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Paperback The Year's Best Fantasy and Horror Seventh Annual Collection Book

ISBN: 0312111029

ISBN13: 9780312111021

The Year's Best Fantasy and Horror Seventh Annual Collection

(Part of the The Year's Best Fantasy and Horror Series)

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Book Overview

Featuring dozens of stories from today's top writers of fantasy and horror fiction--including Robert Devereaux, Elizabeth Hand, and Ursula K. LeGuin--this award-winning anthology series is a must for all fans of the genre. Another generous, appealing anthology, with much fine work and something to please all tastes.--Kirkus Reviews.

Customer Reviews

5 ratings

The current pulse of nonrealistic fiction.

In their twelfth annual survey, Datlow and Windling have assembled a rewarding collection of genre (and extra-genre) fiction from English language sources of all kinds from 1998, with a little poetry thrown in as well. In a format based on Dozois's science fiction anthologies, Datlow and Windling's series has become an annual "event" for lovers of nonrealistic short fiction. The editors are open to just about anything and everything, as long as it has significant fantasy or horror elements, but they are more likely to reprint material by women writers, or about female characters. As far as biases go, that's not a bad one to have: some of the best fantasists working today are women.The editors look at mainstream magazines like "The New Yorker" and "Ms." -- both of which had strong stories chosen for this book. From "The New Yorker" they selected Stephen King's "That Feeling, You Can Only Say What It Is in French," which in 20 tightly-written pages gives the reader the entire life of a woman who may be getting precognitive flashes about the crash of the plane she and her husband are on, or who may simply be fantasizing the crash as a death wish. I knew this woman completely by the end of the story (whose title refers to déjà vu). The "Ms." story was Lisa Goldstein's "The Phantasma of Q-----," with a moment of magic realism passing so quickly it's hard to catch. It is a strength of this series that it covers work in mainstream, genre and academic/small press sources. A number of British and Australian magazines, anthologies and collections provide selections, with two superior tales well worth reading. The best thing in the book (and saved for last) is the superb modern fairy tale by A. S. Byatt, "Cold" -- sitting in a warm library, I was shivering at the frozen world depicted. A beautifully textured story, the best I've read in several years. It came from Byatt's collection, "Fire and Ice." Christopher Harman's "Jackdaw Jack" (from Ghosts and Scholars, a UK little magazine) is the best shocker in the anthology. Its pieces fall into place like a well-wrought jigsaw, and the end left me numb. Among the other stories is an unclassifiable gem by Ray Vukcevich, "By the Time We Get to Uranus" (from the anthology, Imagination Fully Dilated). In the story's surreal world, a person's body slowly develops an astronaut's suit from the feet up, and eventually the person floats off into space. When this happens to a man's wife, he's concerned that his suit isn't developing as fast as hers, as they can't leave together. A metaphor for what separates the sexes these days, the story works and then some. The stories I detailed here are my favorites, but others will find others they like as much or better. Some motifs of the book are hispanic magic realism, foreign fantasy in translation, and stories that are just very strange. I'm not a fast reader, and this long book took me a year and a half to finish. The extensive prefaces (in roman numerals) r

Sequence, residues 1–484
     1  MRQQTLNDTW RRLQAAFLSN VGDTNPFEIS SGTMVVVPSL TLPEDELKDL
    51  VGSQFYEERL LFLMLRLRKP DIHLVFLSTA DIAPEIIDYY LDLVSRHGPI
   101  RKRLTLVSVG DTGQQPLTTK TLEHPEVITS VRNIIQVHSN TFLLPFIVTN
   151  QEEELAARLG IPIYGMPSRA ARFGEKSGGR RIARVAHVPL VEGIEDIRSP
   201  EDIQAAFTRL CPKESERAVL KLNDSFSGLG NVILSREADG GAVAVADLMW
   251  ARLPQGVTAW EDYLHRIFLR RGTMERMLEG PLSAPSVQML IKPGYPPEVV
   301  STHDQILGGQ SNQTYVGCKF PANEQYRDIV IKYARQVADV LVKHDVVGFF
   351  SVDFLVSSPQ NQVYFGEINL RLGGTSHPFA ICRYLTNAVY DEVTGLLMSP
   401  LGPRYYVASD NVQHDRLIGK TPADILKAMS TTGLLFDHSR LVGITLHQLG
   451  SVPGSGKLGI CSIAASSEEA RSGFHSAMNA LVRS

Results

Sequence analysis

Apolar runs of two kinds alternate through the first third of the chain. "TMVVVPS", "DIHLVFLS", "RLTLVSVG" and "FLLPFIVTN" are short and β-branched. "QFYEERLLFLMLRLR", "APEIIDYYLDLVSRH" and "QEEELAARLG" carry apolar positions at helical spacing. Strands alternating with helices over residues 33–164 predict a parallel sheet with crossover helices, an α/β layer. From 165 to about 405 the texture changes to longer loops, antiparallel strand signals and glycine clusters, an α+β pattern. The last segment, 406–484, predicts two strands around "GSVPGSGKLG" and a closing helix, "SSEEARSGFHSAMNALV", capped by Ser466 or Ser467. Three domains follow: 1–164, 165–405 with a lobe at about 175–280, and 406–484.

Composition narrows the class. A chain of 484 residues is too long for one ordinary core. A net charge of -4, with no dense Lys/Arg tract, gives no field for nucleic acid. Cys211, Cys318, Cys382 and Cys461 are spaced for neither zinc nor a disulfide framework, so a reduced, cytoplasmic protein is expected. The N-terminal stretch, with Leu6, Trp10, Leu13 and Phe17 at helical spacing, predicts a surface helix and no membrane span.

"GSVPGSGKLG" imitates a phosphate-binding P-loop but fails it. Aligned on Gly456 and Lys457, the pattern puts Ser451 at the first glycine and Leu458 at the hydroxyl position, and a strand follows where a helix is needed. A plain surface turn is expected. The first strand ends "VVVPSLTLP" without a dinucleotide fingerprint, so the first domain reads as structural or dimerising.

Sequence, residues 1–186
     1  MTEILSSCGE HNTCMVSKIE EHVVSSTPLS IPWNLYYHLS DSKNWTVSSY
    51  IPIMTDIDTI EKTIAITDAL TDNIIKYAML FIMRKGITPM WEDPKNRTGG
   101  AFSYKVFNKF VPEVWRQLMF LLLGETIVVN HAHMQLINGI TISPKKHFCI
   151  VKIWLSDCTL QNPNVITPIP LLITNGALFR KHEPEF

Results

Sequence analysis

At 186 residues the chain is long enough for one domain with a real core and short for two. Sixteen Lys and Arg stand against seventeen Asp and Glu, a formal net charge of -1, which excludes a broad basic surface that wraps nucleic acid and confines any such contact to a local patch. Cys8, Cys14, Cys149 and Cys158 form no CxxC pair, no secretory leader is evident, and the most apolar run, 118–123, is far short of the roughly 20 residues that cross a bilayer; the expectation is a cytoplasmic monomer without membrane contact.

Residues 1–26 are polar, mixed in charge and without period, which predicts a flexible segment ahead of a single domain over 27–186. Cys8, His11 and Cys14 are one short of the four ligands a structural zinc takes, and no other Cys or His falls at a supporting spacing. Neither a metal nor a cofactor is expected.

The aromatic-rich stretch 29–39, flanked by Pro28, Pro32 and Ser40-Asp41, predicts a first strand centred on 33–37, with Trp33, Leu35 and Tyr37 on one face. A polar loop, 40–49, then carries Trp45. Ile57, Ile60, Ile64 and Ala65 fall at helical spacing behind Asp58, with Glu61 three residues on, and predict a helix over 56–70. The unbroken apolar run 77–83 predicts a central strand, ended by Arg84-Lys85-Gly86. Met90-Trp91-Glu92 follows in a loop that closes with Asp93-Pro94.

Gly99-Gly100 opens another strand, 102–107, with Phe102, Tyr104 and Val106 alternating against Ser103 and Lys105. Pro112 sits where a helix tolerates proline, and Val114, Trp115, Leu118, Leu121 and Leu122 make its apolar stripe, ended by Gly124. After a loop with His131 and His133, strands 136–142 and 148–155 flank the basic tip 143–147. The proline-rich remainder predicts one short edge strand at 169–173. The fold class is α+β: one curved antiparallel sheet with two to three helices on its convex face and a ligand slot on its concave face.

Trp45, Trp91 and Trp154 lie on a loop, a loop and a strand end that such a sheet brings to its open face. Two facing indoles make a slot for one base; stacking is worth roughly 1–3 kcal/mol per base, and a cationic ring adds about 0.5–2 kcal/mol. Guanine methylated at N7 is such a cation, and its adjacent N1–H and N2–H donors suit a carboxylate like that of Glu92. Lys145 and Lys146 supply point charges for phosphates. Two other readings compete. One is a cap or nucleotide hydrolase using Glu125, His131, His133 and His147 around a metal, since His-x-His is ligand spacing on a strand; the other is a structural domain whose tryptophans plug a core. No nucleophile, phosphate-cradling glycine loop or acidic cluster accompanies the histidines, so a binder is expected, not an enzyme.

An outstanding entry in an excellent series